While de-industrialisation and offshoring have dominated the news about manufacturing during the past decades, recent years have witnessed a number of examples of companies re-shoring activities back to OECD economies. Policy discussions often ignore the profound changes manufacturing has undergone. This working paper addresses this issue against the background of long-term structural change in OECD economies.
Investment is one of the central engines of growth. But we don’t just need investment, we need intelligent investment. We need investment that fosters green growth, we need investment that supports innovation and entrepreneurship.
This paper examines the extent, reasons and impacts of excess capacity in the global steel industry, as well as the implications of new investment projects that continue to take place at a rapid pace in many parts of the world. By focusing on new investment projects, this study intends to help governments and industry better understand the extent to which global steelmaking excess capacity may evolve in the future.
This STAN: OECD Structural Analysis Statistics 2014 provides analysts and researchers with a comprehensive tool for analysing industrial performance across countries. It includes annual measures of production, value added (at current and constant prices), gross fixed capital formation, number engaged and labour compensation. Data are in national currency for current price data i.e. in Euros for EMU countries; in terms of the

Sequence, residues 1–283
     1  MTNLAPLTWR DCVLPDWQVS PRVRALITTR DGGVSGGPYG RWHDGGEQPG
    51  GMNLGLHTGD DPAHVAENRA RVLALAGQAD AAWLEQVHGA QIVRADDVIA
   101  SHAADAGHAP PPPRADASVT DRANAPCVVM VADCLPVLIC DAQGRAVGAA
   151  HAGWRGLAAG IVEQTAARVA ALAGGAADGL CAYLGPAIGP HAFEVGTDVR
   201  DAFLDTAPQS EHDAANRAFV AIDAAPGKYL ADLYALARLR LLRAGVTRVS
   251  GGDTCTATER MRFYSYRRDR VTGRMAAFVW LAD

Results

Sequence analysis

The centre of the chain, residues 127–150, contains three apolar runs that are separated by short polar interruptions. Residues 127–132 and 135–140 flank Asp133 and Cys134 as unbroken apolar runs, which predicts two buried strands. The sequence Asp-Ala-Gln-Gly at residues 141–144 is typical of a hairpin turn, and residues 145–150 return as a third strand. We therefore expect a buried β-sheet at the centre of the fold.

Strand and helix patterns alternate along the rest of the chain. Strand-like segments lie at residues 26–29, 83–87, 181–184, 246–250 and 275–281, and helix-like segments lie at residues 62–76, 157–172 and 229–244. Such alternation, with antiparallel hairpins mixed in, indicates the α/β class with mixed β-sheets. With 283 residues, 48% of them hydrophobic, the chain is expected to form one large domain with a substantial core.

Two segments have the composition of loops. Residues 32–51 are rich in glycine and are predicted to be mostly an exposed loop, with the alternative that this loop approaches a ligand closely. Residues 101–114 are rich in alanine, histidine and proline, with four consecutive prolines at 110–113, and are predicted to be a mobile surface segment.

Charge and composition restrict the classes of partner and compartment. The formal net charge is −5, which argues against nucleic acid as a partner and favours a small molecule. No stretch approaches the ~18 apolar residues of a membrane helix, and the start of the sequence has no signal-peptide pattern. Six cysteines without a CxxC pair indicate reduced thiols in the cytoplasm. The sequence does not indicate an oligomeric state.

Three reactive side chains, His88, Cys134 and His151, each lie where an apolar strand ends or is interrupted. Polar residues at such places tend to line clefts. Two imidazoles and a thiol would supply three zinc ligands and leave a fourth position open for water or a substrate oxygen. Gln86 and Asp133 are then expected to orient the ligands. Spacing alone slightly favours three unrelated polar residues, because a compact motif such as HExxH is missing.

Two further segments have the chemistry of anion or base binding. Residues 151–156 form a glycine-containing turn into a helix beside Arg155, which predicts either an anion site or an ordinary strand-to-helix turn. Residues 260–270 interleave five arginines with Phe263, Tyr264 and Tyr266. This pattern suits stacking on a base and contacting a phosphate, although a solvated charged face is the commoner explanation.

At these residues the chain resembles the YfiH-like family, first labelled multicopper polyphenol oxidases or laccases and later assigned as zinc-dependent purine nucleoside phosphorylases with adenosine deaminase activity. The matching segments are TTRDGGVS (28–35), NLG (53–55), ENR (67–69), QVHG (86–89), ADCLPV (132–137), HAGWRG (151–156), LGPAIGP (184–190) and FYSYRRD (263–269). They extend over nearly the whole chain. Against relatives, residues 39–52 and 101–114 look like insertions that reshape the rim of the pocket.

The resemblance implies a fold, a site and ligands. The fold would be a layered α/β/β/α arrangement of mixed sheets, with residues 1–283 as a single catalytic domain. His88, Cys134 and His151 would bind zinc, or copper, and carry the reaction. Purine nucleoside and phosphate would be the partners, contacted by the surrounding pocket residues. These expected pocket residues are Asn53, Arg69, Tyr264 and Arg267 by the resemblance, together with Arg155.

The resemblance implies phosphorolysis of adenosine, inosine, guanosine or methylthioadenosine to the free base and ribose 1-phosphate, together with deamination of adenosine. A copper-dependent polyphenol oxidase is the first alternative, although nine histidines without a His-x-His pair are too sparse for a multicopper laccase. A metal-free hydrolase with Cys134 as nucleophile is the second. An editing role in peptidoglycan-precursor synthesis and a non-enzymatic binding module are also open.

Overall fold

New approaches are needed for addressing social and economic challenges, including new models of public and private partnership which can fund, deliver and scale innovative solutions from the ground up.
The OECD Steel Committee carries out analytical and statistical work on world steel market and industry developments, steelmaking capacity, steel trade developments, and steel-related raw materials. It holds meetings and workshops to discuss current and emerging issues.
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The growing gap between global steelmaking capacity and demand has led to a deterioration in the financial situation of steelmakers, and has raised concerns about the longer-term economic viability and efficiency of the industry. Although excess capacity has increased significantly since the financial crisis, and despite slowing demand growth in global markets, new investment projects continue in many parts of the world.
The OECD Directorate for Science, Technology and Innovation (DSTI) manages databases of internationally comparable statistics. These statistics and indicators underpin policy-related analytical work, particularly with respect to links between technology, competitiveness and globalisation. DSTI also plays a leading role in the development of international statistical standards in the STI area.
The Korean shipbuilding industry is one of the top global players, leading by value and second only to China by volume. However, the global economic crisis has dented its finances and it now faces serious challenges to set itself back on a solid footing.
This 14th annual report on the OECD Guidelines for Multinational Enterprises describes the activities undertaken to promote the observance of the Guidelines during the implementation cycle of June 2013-June 2014. This includes work on due diligence in the financial and extractive sectors, as well as along agricultural supply chains, strengthened co-operation with non-adhering countries, the outcomes of the 2nd Global Forum